A must read

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  • Anonymous

    Posted May 22, 2012

    Arielle

    Ok thats good

    0 out of 1 people found this review helpful.

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  • Anonymous

    Posted May 22, 2012

    Smoke to dani

    Search mgmt flash deliureum its one of the songs we are going to play.

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  • Anonymous

    Posted May 21, 2012

    Los

    He sits down and he looks around

    0 out of 1 people found this review helpful.

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  • Anonymous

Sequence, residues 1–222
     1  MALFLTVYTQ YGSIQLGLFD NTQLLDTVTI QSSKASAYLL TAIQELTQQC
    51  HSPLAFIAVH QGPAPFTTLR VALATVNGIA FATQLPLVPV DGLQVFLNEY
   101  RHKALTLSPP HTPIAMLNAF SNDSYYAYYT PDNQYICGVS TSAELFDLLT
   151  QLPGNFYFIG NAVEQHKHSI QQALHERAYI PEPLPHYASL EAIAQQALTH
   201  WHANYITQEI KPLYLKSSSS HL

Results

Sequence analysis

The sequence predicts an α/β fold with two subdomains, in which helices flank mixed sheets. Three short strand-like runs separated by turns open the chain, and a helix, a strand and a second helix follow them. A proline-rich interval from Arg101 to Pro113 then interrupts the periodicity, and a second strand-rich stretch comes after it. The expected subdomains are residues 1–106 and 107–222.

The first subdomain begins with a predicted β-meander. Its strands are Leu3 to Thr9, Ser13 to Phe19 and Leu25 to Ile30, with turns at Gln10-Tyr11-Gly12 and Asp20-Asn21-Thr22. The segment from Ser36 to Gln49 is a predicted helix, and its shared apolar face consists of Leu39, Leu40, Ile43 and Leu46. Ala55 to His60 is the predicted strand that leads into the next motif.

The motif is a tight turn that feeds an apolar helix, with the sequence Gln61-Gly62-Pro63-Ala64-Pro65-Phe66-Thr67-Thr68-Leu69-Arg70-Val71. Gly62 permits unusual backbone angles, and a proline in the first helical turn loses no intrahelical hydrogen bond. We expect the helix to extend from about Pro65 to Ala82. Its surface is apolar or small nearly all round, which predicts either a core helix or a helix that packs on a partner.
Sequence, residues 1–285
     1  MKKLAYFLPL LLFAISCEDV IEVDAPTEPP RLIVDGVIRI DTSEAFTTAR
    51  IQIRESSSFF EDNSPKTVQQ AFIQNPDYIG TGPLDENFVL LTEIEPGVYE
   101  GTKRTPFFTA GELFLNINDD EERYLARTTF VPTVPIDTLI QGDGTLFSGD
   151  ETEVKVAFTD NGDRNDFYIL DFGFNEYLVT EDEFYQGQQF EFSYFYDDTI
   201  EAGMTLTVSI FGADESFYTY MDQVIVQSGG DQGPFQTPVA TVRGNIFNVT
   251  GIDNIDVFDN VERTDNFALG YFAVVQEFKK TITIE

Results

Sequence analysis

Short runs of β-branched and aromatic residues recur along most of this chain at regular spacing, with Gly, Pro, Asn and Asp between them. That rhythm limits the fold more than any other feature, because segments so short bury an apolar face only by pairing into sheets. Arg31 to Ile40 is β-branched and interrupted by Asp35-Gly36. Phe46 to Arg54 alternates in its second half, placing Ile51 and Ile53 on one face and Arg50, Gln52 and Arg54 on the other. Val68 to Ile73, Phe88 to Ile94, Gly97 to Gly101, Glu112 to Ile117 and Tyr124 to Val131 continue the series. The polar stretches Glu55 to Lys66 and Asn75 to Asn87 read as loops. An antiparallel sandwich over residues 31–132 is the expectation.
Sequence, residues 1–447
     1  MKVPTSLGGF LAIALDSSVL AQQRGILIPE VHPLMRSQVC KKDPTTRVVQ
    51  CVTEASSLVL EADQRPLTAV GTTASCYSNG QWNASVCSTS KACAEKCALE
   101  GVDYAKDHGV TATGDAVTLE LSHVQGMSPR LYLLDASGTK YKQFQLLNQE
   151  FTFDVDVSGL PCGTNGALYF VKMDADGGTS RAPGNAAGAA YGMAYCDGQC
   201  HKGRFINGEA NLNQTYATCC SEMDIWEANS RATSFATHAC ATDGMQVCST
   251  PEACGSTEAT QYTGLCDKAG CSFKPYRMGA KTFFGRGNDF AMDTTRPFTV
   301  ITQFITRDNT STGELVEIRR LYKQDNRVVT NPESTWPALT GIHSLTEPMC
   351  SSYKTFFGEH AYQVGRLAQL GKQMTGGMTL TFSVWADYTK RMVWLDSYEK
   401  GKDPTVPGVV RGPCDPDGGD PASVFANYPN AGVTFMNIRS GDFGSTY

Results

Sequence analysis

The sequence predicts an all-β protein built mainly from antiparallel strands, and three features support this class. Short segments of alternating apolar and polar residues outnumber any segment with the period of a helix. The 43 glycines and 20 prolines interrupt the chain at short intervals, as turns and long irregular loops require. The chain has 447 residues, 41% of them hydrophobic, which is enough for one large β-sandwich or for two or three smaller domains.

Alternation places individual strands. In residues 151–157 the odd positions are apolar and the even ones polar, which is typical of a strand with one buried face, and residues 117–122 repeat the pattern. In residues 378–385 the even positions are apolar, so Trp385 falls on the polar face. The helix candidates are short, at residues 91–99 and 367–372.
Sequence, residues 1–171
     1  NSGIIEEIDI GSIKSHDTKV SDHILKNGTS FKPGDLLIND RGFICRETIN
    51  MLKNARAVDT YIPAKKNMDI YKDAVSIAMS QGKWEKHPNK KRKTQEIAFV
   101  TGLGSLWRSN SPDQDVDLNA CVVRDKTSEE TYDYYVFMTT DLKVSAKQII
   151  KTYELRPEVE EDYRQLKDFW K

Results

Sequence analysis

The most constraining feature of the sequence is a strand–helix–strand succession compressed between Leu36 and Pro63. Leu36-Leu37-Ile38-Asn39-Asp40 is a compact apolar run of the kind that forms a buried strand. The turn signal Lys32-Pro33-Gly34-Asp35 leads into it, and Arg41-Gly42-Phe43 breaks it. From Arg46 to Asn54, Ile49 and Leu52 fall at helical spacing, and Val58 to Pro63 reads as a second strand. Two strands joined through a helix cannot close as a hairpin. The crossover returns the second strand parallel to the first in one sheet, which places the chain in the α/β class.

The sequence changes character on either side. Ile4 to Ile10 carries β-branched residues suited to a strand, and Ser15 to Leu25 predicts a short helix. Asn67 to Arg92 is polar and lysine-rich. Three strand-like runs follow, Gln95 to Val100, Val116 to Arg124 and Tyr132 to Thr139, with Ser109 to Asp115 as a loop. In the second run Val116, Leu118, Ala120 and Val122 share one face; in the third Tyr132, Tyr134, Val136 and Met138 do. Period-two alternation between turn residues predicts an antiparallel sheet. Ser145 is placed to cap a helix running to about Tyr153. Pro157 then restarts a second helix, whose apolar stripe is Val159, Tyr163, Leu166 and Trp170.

Posted May 22, 2012

    Dani

    *walks in wearing a red and black striped tshirt, grey jeans, and brown combat boots* Hey guys.

    Was this review helpful? Yes  No   Report this review
  • Anonymous

    Posted April 13, 2012

    Great read

    I loved this book. Couldn't put it down.

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  • Anonymous

    Posted January 27, 2012

    Amazing!

    This is one of those great books where when you are finished you feel like you lost your best friend! His style of writing is so real and gritty. I keep longing for another book to come out from Frey.

    Was this review helpful? Yes  No   Report this review
See All Sort by: Showing 1 – 20 of 135 Customer Reviews